Do you remember when your child was just learning to walk? Or perhaps when they learned to turn a screwdriver? 🙂 (Maybe that was just our kid.)
Sometimes we forget that kids are, well, just kids. We forget that when they are learning something new, they still need baby steps. Just like when they first learned to crawl or to walk. In those exciting moments we are right there, encouraging them when they fall down and cheering them on until they figure it out.
Learning to walk is a process. Even if your child was one of those babies that learned to walk in one day, there was so much growth that happened over a year to prepare them for that moment.
As our kids get older they become more self-sufficient and we tend to expect more of them. Sometimes we forget to give them the encouragement and support they need to learn about life one baby step at a time.
So, how does learning to walk have anything to do with learning how to be responsible with a cell phone? The similarity is this: as parents, we have a choice to be positive, encouraging, and to give our kids a chance to figure out cell phones one step at a time.
It is common for parents to discuss a few rules, sign a contract, and then hand over a phone with limitless capabilities, not fully understanding the situation at hand. (I get it!) But are we fully aware of where that smartphone can take our kids? We are giving them the world.
Just like when our kids were learning how to walk, we can let the privilege of using a cell phone evolve as our children grow and mature into young adults. Today we want to share a gradual four-phase process process to help us—and our children—gradually develop the skills necessary to be smart with cell phones.
Remember that no one knows your child or your situation better than you. So while this model is a good place to start, you can make modifications as necessary and always invite dialogue so neither you nor your child is surprised by what’s happening on their phone.
Step One: Start with a Feature Phone
A feature phone (sometimes called a flip phone) is a great way to ease your child into the responsibility of managing a cell phone. Our teen has this one. It’s very basic! As in, if it gets lost or dropped, no one panics. If you are looking for the next step up in quality, you might check out one of these: LG-B740, Samsung Rugby 4 B780A, or LG-450, as an alternative. (As an Amazon Associate I earn from qualifying purchases.)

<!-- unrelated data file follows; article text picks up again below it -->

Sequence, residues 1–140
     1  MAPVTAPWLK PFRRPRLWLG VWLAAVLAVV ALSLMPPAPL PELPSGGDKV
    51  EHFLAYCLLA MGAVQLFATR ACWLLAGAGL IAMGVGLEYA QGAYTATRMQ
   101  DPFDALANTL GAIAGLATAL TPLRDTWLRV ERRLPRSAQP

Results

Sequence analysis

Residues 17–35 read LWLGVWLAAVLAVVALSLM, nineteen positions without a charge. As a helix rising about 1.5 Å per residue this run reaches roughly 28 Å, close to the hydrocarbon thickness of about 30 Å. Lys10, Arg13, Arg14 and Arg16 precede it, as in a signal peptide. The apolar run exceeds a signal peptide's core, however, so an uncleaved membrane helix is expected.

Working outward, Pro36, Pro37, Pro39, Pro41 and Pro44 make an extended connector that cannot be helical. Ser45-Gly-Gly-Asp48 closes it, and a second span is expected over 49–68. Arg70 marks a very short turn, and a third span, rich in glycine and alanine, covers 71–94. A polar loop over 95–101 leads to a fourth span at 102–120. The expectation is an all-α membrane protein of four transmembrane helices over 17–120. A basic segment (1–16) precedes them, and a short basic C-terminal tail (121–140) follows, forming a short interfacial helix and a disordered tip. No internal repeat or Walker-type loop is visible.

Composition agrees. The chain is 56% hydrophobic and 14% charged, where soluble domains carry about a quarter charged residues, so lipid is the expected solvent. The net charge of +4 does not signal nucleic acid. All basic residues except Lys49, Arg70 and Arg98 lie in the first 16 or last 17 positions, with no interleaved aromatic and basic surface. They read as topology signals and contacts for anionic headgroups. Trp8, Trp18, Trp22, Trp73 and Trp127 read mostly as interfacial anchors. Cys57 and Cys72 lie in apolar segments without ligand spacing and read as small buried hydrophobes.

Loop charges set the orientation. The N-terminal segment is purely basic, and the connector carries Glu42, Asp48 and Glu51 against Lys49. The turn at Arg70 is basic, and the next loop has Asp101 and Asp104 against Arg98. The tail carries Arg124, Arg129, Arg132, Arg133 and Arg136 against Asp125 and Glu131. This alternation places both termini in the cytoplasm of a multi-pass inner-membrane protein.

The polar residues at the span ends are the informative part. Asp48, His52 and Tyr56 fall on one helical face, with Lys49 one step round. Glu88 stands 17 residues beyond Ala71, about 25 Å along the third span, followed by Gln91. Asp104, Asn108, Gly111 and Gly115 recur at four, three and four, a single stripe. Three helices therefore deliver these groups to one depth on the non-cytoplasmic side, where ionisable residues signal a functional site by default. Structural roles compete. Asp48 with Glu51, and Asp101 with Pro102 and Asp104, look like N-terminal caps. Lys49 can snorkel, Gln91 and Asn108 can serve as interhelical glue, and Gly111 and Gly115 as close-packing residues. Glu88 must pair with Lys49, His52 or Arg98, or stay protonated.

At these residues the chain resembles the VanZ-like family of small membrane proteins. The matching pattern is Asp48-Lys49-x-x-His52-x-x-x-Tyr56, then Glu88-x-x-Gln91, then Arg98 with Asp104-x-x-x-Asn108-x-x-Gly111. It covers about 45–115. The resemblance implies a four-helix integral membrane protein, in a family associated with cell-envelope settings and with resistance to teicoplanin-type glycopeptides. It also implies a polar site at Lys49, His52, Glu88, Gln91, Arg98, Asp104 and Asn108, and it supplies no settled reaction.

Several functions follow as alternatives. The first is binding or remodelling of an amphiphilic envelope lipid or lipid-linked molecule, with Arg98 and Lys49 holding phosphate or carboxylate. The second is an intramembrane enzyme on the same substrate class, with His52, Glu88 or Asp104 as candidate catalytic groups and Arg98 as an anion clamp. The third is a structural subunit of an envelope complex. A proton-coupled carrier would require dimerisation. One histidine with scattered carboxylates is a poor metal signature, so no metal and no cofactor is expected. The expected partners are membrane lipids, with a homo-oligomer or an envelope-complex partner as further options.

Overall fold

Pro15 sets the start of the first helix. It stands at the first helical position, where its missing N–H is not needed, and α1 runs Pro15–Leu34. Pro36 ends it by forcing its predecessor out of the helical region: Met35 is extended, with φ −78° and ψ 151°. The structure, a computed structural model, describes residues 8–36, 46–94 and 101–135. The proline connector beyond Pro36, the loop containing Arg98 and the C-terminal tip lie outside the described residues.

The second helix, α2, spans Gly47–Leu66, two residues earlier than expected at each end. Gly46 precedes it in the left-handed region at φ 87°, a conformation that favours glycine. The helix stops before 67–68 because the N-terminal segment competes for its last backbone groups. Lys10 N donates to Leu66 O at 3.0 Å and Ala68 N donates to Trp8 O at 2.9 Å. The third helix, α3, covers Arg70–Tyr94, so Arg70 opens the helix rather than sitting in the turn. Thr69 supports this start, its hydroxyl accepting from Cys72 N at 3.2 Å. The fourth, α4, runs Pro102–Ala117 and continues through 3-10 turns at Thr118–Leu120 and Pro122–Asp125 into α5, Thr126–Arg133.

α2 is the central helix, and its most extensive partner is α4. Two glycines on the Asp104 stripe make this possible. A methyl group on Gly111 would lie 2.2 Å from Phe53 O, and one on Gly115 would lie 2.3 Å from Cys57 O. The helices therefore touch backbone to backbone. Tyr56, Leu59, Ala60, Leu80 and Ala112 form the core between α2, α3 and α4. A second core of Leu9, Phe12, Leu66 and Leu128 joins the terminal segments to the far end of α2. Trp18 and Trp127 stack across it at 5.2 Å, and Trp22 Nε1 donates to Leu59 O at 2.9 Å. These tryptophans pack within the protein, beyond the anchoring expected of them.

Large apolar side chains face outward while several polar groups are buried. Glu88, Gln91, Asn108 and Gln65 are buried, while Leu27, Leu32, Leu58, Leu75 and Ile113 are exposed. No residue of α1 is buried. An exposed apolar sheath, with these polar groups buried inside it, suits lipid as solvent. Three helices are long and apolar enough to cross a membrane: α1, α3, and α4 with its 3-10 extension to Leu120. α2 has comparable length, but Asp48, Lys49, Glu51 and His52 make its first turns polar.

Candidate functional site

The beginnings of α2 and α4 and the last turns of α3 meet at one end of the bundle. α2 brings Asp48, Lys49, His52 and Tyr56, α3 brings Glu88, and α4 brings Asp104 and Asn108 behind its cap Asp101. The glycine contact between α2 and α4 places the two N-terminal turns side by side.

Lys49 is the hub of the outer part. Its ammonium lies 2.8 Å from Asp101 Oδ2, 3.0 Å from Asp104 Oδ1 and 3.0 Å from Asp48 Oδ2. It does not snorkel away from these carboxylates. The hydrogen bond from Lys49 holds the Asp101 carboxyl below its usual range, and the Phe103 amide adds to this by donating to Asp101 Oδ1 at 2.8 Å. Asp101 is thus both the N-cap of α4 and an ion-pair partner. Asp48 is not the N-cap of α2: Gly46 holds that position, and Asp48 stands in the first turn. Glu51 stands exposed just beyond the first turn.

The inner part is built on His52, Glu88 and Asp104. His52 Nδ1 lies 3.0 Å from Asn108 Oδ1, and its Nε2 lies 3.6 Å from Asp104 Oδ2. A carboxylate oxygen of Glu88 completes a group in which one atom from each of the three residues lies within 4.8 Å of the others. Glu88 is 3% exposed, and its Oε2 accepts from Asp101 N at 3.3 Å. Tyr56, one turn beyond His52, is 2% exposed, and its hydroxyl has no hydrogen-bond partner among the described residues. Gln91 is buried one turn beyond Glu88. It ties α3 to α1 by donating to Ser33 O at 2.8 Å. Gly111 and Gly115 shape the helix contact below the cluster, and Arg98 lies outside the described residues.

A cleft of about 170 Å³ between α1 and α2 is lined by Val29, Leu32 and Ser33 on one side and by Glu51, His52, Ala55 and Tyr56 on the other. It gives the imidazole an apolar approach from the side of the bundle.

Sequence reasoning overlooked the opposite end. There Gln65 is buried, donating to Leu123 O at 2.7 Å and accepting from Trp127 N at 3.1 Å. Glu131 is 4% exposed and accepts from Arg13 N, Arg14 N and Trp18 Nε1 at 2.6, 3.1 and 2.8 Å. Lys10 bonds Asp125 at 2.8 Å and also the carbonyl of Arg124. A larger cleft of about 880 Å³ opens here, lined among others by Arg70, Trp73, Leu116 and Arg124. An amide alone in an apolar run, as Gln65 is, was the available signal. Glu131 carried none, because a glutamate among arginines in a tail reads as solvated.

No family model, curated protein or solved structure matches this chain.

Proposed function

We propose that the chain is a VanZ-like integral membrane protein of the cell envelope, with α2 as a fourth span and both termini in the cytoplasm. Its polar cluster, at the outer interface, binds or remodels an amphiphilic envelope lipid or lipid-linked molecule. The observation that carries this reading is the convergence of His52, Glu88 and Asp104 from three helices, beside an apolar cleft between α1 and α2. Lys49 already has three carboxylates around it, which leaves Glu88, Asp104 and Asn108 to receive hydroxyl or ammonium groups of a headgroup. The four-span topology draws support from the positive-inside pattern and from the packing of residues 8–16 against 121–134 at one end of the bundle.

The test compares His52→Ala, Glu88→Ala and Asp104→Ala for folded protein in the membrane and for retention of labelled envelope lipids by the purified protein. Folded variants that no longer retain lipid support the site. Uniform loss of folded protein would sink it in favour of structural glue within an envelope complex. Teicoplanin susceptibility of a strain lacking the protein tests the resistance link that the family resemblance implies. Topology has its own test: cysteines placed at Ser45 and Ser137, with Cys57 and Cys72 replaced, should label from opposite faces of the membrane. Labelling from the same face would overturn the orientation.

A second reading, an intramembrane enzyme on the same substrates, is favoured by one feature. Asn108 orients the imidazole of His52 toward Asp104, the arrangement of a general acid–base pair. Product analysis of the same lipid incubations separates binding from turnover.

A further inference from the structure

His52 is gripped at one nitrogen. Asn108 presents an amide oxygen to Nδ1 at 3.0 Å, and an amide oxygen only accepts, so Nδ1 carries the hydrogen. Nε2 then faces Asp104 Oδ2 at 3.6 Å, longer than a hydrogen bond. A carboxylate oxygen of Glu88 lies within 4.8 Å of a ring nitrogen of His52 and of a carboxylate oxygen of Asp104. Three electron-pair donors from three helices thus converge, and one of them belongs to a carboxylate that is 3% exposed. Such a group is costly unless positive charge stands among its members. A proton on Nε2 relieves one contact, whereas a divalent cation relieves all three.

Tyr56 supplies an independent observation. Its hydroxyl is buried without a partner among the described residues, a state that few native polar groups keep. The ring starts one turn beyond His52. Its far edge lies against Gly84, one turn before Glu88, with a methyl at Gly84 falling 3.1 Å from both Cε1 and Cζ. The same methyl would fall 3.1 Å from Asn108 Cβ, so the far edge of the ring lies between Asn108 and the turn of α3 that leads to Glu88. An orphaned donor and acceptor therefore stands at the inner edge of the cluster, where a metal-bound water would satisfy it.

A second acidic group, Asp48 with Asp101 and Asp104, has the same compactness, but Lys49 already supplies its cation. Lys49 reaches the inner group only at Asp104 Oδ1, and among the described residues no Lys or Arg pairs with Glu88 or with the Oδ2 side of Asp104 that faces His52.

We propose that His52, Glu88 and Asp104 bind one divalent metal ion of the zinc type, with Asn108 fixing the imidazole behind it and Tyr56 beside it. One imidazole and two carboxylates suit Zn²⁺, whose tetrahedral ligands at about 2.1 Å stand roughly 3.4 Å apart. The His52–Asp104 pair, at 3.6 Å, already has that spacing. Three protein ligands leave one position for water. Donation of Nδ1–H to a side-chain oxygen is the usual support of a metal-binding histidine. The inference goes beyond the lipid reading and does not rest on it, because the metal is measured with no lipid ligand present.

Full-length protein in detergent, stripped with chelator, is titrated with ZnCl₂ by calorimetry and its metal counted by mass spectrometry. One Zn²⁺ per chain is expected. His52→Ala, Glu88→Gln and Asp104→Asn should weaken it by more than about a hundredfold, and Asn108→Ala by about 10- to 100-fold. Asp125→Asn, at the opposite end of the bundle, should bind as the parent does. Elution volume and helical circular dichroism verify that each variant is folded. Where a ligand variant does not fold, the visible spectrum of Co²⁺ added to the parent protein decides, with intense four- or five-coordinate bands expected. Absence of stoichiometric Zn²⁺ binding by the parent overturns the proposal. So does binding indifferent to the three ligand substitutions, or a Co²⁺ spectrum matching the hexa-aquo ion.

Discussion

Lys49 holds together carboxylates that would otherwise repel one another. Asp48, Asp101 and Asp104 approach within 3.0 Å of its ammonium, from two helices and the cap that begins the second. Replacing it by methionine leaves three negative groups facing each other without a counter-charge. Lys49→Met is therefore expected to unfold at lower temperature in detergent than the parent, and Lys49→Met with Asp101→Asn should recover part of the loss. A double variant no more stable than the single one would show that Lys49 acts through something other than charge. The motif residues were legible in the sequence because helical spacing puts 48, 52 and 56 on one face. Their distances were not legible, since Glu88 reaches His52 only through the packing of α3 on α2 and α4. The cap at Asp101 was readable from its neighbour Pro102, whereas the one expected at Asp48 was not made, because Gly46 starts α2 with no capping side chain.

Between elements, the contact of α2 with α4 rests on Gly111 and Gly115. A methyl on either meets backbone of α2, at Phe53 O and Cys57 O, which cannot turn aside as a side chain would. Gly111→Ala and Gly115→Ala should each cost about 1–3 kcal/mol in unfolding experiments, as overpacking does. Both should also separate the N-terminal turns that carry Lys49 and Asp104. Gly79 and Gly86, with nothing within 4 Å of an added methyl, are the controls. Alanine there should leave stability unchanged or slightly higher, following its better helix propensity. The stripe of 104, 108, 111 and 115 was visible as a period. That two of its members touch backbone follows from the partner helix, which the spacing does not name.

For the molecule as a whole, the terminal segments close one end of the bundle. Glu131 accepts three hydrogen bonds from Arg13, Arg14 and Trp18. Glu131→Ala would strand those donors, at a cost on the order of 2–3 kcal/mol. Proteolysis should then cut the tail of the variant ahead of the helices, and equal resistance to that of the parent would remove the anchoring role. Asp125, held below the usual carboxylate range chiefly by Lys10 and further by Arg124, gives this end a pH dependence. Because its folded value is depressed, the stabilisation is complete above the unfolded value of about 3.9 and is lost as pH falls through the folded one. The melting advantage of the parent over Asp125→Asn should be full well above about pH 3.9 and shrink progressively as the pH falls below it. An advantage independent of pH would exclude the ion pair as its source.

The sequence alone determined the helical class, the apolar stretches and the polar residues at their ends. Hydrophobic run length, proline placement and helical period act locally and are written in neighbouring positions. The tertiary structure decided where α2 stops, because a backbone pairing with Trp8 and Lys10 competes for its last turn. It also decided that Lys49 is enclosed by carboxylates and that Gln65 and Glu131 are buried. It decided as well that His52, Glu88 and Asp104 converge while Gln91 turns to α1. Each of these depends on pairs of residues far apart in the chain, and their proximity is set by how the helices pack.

Your child can call you, text you, and take pictures with the phone our teen has. The photos are low quality, so keep a small digital camera around for camps or field trips. I know—old school! We have this one.
Note: If you are starting a cell phone with an older, responsible teen, you might jump straight to a smart phone and skip the feature phone altogether. That will probably make perfect sense at that age, but you can still ease into it gradually, limiting social media or certain games or apps if that feels right. Listen to your gut.
Step Two: Transition to a Bare-Bones Smartphone
After your child has demonstrated responsibility with a feature phone and is ready for more, you can graduate to a smartphone with very limited capabilities. Your child can email, text, call, and take photos. And you can also include other useful things such as: a calculator, an alarm, music, etc. Think useful at this stage. Our kids will often use the metronome app on our phones for practicing the piano. I consider that a useful tool. Still no games and no social media at this point.
Step Three: Add a Few Non-Social Media Apps
When you determine the time is right, you and your child sit down together and evaluate a few games or apps they might be interested in using and allow them to download them to their phone. In your tech agreement (we’ll share ours soon!), make sure you include guidelines about not downloading apps without your permission and another guideline letting them know you you will be checking their phone periodically. Still no social media.
Step Four: Add Social Media
Social media is the last thing to appear on the phone. I promise you will not regret waiting on this. Many adults are still learning how to handle social media (including me), so unleashing this on a teen without a fully developed prefrontal cortex is not a good idea. There will be responsible teens who will be able to handle it earlier than others, and in future posts we’ll talk more about how we determine when the time is right. For now, just know that social media is powerful, and we need to prepare our children to use this power for good. Note: We’ve included a unit on social media in our Family Think Tank.
After reviewing these four steps, I hope you can see that giving our kids cell phones doesn’t have to be an all-or-nothing event. As parents, we can give our kids the scaffolding they need to build healthy phone-use habits. And part of that scaffolding is carefully phasing in the amount of information and phone capabilities they have access to. By taking cell phone baby steps, our kids can gain the skills to tackle whatever new technology comes their way.
How have you helped your child learn to responsibly use a cell phone? What strategies have you put in place to help your child gradually ease into cell phone ownership?
Tell us in the comments below!
*Note: There are all kinds of monitoring software and apps, which we will be covering in other posts, but at the end of the day the best monitor out there is you—the parent. And that is the most important place to start.